Unless action is taken, California could be headed to a big pork and bacon supply issue
By The MixDex Team Article may include affiliate links
Bacon — often considered the epitomy of rich, fatty and delicious food — could become harder to find on California menus and in grocery stores come 2022.
The issue stems from a 2018 animal welfare proposition approved by the state’s voters that would require farmers to give egg-laying chickens and veal calves more room while they are being raised. The rule also extends to breeding pigs.
California is expected to begin enforcing the proposition in early 2022 unless courts intervene. The state could also create a temporary exemption from the rule.
The law would apply to all meat and eggs sold in the state — not just farms operating in it.
While many large scale egg and veal producers are confident they can meet California’s standards and be ready for the rule to go into effect, only about 4% of hog farms nationwide would comply with the regulations.
With little time left before potential enforcement of the rule, there are concerns there’s not enough time to create facilities or adjust livestock breeding numbers to adjust to the new requirement.
As the most populous state, California currently consumes over 250 million pounds of pork a month (including bacon) and over 200 million of those pounds are brought in from out of state, mostly from Iowa.
The proposition calls for requiring at least 24 square feet of space per pig being raised for breeding so that they can turn around and extend their legs and feet. Right now the typical space allotted is more around 15 to 20 square feet, depending on the farm and stage of life the animal is in.
To make matters more confusing, California hasn’t issued specific guidelines or standards or announced how the rules will be enforced, so the hog industry says it’s been difficult to prepare for the rule without knowing any of that information.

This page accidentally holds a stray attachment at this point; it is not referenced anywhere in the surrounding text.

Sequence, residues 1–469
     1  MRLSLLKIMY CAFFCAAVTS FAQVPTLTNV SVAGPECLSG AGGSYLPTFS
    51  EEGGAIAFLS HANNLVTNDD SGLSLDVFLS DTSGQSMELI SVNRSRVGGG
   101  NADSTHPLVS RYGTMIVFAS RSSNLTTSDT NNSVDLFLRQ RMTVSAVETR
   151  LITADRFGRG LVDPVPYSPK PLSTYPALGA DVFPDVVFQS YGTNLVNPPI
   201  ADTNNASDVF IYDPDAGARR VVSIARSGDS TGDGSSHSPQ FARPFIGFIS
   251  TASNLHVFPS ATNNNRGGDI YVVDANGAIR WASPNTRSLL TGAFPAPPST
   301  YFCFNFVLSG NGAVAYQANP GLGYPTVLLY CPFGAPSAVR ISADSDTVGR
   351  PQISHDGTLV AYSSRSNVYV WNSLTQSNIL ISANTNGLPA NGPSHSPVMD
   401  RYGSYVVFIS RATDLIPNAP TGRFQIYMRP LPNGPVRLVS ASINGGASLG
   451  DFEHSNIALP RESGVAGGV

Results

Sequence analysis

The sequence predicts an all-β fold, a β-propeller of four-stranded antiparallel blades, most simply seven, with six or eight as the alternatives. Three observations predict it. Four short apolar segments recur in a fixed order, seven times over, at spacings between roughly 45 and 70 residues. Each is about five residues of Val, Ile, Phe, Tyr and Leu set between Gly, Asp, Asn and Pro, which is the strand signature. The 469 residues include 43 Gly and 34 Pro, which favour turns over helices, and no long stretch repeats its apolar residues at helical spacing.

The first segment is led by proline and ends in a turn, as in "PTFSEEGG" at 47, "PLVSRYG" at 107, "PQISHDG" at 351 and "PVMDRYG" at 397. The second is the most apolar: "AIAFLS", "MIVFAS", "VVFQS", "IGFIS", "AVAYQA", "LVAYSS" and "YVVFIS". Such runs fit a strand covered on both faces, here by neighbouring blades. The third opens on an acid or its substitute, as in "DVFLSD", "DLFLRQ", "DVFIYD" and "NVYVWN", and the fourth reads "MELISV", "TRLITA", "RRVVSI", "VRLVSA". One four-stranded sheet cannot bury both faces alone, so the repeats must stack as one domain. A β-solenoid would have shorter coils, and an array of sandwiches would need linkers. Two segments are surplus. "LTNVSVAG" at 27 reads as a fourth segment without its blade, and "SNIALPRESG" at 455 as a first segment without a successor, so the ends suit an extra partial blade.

If the rule is allowed to take effect as planned, pork prices could soar as much as 60% — making a package of bacon at the grocery store ring up at nearly $10. Wholesale supply and prices, including those to restaurants, would also likely be similarly affected.
Of course, one possible fix would be to create more space for hogs to live while being raised.
However, besides the obvious upfront construction and land costs, there’s also the affects the coronavirus pandemic has had on building supplies and workforces, both of which could play a role in farmers’ ability to expand and run facilities that are compliant.
Price hikes could become a long term issue since even once farmers are in compliance, they could end up spending millions more per year to raise the same number of pigs.
The issues don’t stop with just raising the pigs — slaughterhouses and other facilities involved in the processing and shipping of pork would need to have ways to track and document that meat being sent to California is compliant, something that currently isn’t done.
Because of its size and effect on the economy, rules and laws in California often end up having nationwide effects on products since it’s often more efficient for companies to manufacturer goods that comply with California rules and distribute them nationwide. A good example of this are guidelines on how much water certain plumbing fixtures and devices can use.
However, it appears that a lack of clarify about the rules, the effects of the pandemic, a struggling restaurant industry and rising food costs overall may be brewing a “perfect storm” around pork and bacon supply and prices.